*** The debate expectations game: Both campaigns are now fully engaged in lowering expectations for Wednesday's debate. Yesterday afternoon, we got our hands on a Romney memo by senior adviser Beth Myers, who wrote: “President Obama is a uniquely gifted speaker, and is widely regarded as one of the most talented political communicators in modern history. This will be the eighth one-on-one presidential debate of his political career. For Mitt Romney, it will be his first.” Meanwhile, the Obama camp countered with its own memo by David Axelrod: “[W]e expect Mitt Romney to be a prepared, disciplined and aggressive debater. Gov. Pawlenty said Romney ‘is as good as it gets in debating. He is poised, prepared, smart, strategic.’ We expect that Mitt Romney to show up in Denver. Second, debates—and particularly the first debate—generally favor challengers.” But here’s the truth about Obama and Romney: Neither has been a stellar debater. Obama never shined during the Democratic primary debates of ’08, and candidate Obama had a tendency to ramble (something he improved upon in his general-election debates against John McCain). And while Romney performed well at most of this season’s GOP primary debates, he had some rough performances (the $10,000 bet, the debates in South Carolina). Romney’s one-on-one performances in ’94 and ’02 (for SEN and GOV) were uneven, and his biggest weakness is unspoken body language. The bottom line: Ivy League debate coaches will enjoy Biden v. Ryan a heckuva lot more.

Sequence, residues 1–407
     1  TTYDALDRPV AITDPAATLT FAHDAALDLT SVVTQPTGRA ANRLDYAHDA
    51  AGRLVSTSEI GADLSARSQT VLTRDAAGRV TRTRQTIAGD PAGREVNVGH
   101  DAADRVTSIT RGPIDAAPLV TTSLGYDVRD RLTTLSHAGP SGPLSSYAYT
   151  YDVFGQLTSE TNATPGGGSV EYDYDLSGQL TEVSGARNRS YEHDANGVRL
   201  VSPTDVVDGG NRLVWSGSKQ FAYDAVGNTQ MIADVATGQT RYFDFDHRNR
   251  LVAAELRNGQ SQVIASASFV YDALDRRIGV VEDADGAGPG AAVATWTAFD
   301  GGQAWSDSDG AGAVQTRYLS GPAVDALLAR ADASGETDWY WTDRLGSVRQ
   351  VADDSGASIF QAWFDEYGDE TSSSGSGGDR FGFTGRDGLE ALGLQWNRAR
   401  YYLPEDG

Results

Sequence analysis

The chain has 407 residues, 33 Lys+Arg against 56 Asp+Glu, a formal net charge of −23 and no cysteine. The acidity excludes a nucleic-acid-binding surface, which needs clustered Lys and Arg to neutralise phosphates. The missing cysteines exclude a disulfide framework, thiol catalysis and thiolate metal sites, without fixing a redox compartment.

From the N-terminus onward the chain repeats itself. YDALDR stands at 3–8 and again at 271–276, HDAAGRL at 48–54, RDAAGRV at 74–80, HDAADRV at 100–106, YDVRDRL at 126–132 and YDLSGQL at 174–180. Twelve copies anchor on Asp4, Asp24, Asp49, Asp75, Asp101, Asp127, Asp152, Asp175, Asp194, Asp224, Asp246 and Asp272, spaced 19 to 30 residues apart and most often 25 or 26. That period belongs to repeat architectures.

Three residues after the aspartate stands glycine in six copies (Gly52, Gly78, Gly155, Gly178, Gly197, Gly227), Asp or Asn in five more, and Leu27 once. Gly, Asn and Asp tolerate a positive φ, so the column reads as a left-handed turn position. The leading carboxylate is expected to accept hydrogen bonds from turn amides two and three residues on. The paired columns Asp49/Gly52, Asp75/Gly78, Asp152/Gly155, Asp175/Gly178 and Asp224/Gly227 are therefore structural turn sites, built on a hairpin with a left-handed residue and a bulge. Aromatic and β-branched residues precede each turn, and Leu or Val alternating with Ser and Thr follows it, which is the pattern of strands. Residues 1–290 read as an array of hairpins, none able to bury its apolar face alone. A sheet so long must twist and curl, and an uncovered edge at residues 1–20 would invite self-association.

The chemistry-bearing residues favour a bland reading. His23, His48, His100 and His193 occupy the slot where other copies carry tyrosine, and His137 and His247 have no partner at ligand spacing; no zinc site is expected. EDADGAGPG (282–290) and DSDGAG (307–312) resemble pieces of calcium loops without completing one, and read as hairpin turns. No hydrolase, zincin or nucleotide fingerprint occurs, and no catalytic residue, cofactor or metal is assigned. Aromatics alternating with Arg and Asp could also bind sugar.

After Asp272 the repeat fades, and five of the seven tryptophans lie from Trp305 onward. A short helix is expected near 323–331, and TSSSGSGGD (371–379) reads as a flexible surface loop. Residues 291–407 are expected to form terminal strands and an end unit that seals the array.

*** Romney needs a game-changer: But here's the only expectation you need to know: Romney needs a game-changer, while Obama needs a split decision. That’s what happens when one person is behind and the other is ahead. And in his weekly National Journal column, Charlie Cook appears to agree. “If the presidential race stays on its current course for another week or 10 days, Romney faces the very real prospect that Republican donors, super PACs, and other parts of the GOP support structure will begin to shift resources away from helping him and toward a last-ditch effort to win a Senate majority—which once seemed very likely—and to protect the party’s House majority.” Essentially, Charlie is warning of political Darwinism kicking in with the rest of the GOP. Bottom line: With less than 40 days until Election Day and with votes already being cast, Romney needs to change the dynamics of this race -- ASAP -- if he is going to win. And his clearest opportunity is at next week's debate in Denver.